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Session 2: Planning Safer Streets for Pedestrians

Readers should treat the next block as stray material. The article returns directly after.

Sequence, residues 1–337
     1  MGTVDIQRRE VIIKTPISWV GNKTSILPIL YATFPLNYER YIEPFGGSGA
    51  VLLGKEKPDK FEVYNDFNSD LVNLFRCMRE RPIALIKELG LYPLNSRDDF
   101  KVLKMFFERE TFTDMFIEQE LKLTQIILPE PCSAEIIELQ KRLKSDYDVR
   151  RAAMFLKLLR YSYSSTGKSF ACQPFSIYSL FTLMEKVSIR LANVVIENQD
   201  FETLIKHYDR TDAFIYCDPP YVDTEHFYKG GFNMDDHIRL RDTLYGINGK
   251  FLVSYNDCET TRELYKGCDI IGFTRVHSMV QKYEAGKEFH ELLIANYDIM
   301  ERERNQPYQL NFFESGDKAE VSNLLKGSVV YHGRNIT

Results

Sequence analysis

Barbara McCann serves as the director of Safety, Energy, and Environment in the Policy Office of the Secretary of the US Department of Transportation (USDOT). Her office initiates and coordinates Secretary level policies on safety, environment, and energy issues affecting all aspects of transportation. At the direction of Secretary Anthony Foxx, Ms. McCann launched and manages the department-wide "Safer People, Safer Streets" initiative to improve pedestrian and bicycle safety, including the "Mayors' Challenge for Safer People and Safer Streets," which has engaged more than 240 cities and won USDOT awards for its effectiveness. Before coming to the USDOT in 2014, she developed the "Complete Streets" concept and served as the founding executive director of the National Complete Streets Coalition. She co created the Complete Streets Workshop program and conducted extensive research on Complete Streets policy success. In 2011, the New York/New Jersey Section of the Institute of Transportation Engineers recognized her with its annual Transportation Advancement Award, given to a non-engineer "for contributions in advancing transportation programs through outstanding leadership." She is the author of the 2013 book Completing Our Streets: The Transition to Safe and Inclusive Transportation Networks, published by Island Press.